On Monday afternoon, members of the College community gathered on the steps of Chapin Hall for a vigil organized by the Black Student Union (BSU) to honor victims of police brutality following the shooting death of Michael Brown in Ferguson, Mo.
“We wanted to construct a meditative healing space for students to voice their concerns,” BSU Chair Sevonna Brown ’15 told the Record.
The vigil opened with an invocation by College Chaplain Rick Spalding, and continued with a series of short speeches by professors from the Africana Studies department, and speeches and performances—both planned and spontaneous—by members of the crowd. Students and staff members stepped forward, and the vigil extended well beyond its expected length.
“A lot more people shared than we anticipated,” Brown said. “It lasted for nearly two hours and we planned for forty minutes to an hour. I was inspired and deeply moved by the crowd, the speakers and the overall energy.”
Brown reminded the crowd that the death of Michael Brown and its aftermath is “very immediate” to members of the College community.
Tirhakah Love ’15 emphasized the need for continued student involvement among students of all backgrounds. “There are threads of connection that need to be made,” Love said. “There’s something to be said for putting ourselves on the front lines. This is our time. There’s work to be done.”
The vigil fell on Gregory Tate’s first day teaching at the College as a Visiting Professor of Africana Studies. Tate emphasized the need to hold institutions accountable for actions that contribute to injustice.
“The war has been brought to this generation’s doorstep,” Tate said before the crowd. “You have a daunting task in the history of injustice … Ferguson is a microcosm for the kind of community 90 percent of black Americans live in.”
Students brought a diverse range of experiences to the vigil. Cathleen Donohue ’15 spoke about her experience studying abroad in South Africa, and Aseel Abdullab ’15 discussed her experience growing up in Troy, Mich., a suburb of Detroit. Maryanne Rodriguez ’15 spoke of her hope that students could remain strong and confident in the face of injustice.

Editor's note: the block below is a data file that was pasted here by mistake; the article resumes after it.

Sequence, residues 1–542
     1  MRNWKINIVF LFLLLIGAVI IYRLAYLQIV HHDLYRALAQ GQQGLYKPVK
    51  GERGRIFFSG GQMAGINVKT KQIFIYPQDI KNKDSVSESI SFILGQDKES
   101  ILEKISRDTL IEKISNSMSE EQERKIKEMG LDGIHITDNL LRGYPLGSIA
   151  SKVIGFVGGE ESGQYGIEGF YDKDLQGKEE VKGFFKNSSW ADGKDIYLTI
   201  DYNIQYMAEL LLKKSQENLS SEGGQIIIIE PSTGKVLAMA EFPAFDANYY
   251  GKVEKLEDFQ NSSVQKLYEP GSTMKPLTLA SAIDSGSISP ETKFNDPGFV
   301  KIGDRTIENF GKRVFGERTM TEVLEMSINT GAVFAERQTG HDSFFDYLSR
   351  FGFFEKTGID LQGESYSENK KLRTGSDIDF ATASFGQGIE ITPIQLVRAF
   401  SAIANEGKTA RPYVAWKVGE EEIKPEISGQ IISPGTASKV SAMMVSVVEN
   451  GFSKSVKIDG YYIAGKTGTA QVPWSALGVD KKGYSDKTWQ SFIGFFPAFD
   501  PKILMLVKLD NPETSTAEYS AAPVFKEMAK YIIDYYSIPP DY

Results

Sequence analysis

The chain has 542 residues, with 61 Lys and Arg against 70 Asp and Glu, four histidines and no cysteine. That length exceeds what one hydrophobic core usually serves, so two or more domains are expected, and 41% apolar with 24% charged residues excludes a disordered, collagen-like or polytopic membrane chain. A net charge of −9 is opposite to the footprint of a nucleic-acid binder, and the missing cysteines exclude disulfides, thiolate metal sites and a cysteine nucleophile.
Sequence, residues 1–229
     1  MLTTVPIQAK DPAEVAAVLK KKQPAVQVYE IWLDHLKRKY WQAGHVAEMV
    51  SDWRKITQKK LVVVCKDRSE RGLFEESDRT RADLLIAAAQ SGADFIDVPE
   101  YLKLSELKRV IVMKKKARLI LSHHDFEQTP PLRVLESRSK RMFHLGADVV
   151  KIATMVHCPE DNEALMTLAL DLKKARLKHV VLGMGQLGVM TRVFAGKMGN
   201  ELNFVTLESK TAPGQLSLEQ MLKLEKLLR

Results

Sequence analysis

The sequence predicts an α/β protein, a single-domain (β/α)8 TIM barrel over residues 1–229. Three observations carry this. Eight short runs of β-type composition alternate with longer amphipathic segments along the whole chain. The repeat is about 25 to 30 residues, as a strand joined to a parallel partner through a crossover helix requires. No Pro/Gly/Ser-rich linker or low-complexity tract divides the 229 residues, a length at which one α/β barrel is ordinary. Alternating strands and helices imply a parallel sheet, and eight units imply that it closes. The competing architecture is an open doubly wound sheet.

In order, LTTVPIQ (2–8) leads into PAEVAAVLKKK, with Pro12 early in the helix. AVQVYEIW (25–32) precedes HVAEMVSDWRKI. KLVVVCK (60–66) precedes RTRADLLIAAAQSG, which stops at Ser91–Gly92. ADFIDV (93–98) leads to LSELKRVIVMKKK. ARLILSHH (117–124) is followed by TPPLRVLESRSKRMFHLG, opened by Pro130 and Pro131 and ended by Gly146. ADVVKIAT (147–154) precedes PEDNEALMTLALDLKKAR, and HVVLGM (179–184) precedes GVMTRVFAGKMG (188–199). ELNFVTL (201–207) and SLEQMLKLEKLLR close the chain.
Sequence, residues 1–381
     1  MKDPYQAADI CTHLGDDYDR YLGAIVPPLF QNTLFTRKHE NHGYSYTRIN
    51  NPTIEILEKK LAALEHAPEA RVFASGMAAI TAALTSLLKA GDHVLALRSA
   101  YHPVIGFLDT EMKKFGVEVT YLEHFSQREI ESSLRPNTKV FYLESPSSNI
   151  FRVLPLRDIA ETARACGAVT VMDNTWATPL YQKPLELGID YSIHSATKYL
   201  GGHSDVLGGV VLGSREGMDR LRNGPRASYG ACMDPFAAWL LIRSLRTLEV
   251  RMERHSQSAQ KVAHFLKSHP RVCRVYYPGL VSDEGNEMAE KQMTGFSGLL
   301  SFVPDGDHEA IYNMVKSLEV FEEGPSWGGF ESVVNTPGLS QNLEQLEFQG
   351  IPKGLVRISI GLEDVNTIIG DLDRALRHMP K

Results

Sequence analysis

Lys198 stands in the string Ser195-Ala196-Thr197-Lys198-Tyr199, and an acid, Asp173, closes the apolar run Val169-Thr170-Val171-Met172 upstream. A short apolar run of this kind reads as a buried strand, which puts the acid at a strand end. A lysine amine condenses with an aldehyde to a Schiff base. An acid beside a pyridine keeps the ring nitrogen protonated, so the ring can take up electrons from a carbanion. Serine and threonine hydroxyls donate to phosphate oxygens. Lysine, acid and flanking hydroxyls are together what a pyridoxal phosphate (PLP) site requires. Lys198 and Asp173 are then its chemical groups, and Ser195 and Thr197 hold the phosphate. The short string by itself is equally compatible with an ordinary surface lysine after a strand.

“I hope that we continue to fight and be here for each other, because black lives do matter,” Rodriguez said.. “We are here, and we are beautiful.”
Meg Bossong ’05, Director of Sexual Assault Prevention and Response, spoke in memory of Clinton Allen, brother of Chaedria LaBouvier ’07, who was killed by a police officer in Dallas, Tex. on March 10, 2013. Bossong witnessed Allen’s family’s struggle to defend his character in the aftermath of his death. “I have watched them fight for Clinton’s humanity,” Bossong said, expressing her pride in Allen’s family’s efforts despite the circumstances.
Ahmad Greene-Hayes ’16 recounted the trip he took to Ferguson, Mo. last month. He called on his fellow students to help “disrupt the narrative” surrounding Brown’s death, saying that “Fox News said last week that Mike Brown’s black body was a weapon.”
“[Michael Brown’s] blood is crying out from the ground against white supremacy. It’s calling out against racism,” Brown said. “I actually think we’re not angry enough … we need to stop this.”
Flyers for the event presented an open call for creative performances, including poetry and song. As the vigil drew to a close, Marguerite Ferrera-Anthony ’15 performed a cover of Lauryn Hill’s “I Get Out.”
In order to efficiently organize the vigil, BSU members communicated remotely at the end of summer. “We got on the phone, Skyped, did Google Hangouts and other social media in order to organize,” Brown said. “We were all in different parts of the country (and the world), but we did not let that stop us from putting together a plan of action to organize.”
As for the next step, the BSU has planned an open “call to action” meeting for Sunday, Sept. 14 at Rice House. According to Brown, the discussion will include responses to police brutality, possible campus events and activities and programming to help the community to respond to issues raised by events in Ferguson.